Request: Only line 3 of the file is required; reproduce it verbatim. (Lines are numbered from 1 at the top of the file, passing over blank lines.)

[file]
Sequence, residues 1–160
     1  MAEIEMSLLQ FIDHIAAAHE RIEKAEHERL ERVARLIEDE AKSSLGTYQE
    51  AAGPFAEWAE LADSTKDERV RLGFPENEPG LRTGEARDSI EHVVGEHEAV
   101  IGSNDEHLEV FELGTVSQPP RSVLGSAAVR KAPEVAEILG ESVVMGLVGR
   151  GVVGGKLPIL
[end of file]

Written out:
    51  AAGPFAEWAE LADSTKDERV RLGFPENEPG LRTGEARDSI EHVVGEHEAV